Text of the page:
Memorial Health Care System
Memorial Medical Bldg. East
725 Glenwood Drive, Suite E790
Chattanooga, TN 37404-1163
Why are different recommendations made for different people?
The first thing I want patients and their families to understand about prostate cancer and how decisions are made is the variability of prostate cancer as a disease. Prostate cancer is a highly variable disease. Not all prostate cancers behave the same or present the same threat. So when we are making recommendations for managing prostate cancer, it is very important that we know what kind of prostate cancer we are dealing with. We need to understand the risk presented by the specific prostate cancer that a man has and keep in mind that most prostate cancers grow very slowly. So we evaluate that risk in the context of a man’s life expectancy. We consider when in a man’s life time did this occur and what other health issues may he have that are more of an immediate threat to him. We then make recommendations for managing that risk with one goal in mind. That common goal is that no man suffer the consequences of metastatic disease or die from prostate cancer. We don’t want that for anyone, we just don’t have to do the same thing to every man to achieve our goal.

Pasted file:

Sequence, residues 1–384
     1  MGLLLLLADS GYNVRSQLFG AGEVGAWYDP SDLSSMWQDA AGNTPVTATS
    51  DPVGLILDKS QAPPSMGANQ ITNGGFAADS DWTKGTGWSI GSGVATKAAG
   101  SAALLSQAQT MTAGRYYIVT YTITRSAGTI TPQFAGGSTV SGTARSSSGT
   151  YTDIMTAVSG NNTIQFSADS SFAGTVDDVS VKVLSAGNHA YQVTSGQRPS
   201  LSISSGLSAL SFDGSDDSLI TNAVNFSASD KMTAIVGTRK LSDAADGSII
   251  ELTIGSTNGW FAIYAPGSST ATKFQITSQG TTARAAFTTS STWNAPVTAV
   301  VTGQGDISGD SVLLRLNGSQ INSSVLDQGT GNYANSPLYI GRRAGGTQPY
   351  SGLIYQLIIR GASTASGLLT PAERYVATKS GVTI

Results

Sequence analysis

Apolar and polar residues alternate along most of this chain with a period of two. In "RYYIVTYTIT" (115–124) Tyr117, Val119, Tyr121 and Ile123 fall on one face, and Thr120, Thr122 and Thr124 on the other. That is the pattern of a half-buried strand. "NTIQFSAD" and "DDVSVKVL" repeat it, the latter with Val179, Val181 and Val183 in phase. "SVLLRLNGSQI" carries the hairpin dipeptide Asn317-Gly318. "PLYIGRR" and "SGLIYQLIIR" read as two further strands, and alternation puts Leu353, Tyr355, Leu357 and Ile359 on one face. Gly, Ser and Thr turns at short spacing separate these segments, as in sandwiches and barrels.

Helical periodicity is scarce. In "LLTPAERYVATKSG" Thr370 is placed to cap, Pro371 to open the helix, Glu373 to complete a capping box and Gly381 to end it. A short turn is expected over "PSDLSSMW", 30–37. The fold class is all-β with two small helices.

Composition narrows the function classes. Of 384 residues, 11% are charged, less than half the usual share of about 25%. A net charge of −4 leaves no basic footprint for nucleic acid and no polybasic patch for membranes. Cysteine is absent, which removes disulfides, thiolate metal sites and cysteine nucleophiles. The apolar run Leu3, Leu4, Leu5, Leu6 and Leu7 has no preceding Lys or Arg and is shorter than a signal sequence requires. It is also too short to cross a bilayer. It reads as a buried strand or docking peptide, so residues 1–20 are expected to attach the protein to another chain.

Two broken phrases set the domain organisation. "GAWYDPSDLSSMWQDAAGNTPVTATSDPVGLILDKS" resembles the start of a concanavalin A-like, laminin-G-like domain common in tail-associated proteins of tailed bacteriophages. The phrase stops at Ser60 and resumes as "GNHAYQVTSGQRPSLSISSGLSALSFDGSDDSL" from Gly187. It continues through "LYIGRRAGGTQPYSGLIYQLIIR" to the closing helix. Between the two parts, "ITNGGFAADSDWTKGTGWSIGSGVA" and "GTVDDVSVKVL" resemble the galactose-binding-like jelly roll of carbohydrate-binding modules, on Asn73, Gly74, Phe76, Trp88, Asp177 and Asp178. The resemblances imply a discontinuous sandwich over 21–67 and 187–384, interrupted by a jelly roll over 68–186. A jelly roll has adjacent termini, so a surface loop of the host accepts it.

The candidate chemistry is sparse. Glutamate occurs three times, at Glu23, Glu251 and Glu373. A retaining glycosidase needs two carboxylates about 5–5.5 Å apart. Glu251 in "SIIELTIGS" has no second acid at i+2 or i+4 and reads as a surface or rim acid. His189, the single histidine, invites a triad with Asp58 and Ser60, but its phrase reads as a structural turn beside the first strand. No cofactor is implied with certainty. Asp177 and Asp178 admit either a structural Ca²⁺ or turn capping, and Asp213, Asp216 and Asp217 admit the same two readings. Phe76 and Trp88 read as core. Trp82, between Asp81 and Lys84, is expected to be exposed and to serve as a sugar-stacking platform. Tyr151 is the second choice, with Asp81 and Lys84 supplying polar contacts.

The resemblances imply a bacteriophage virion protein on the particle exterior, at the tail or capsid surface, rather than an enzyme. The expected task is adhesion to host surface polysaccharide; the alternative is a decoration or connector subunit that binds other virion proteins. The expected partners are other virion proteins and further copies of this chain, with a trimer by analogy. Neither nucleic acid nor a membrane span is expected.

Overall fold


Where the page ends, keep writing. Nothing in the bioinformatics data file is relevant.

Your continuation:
We learn what kind of prostate cancer a man has by looking at the Gleason score. The Gleason score is a number from 2-10 that is assigned to a particular prostate cancer by the pathologist based on the appearance of the prostate cells under the microscope. The appearance of the cells and the patterns that they form give us a good idea of what kind of behavior we can expect from that particular prostate cancer. We also take into consideration the number of biopsy cores that are involved as well as the PSA. These features of a given prostate cancer help us establish a risk category which is then used along with a patients’ preference, to help determine the best recommendation for management and treatment. Options for management range from active surveillance for very low risk patients to multimodal therapy for high risk patients. For young men in their 40s, 50s, and sixties, who are otherwise in good health and have a clinically important prostate cancer, the best option is often surgical management.
The goals of surgical management are: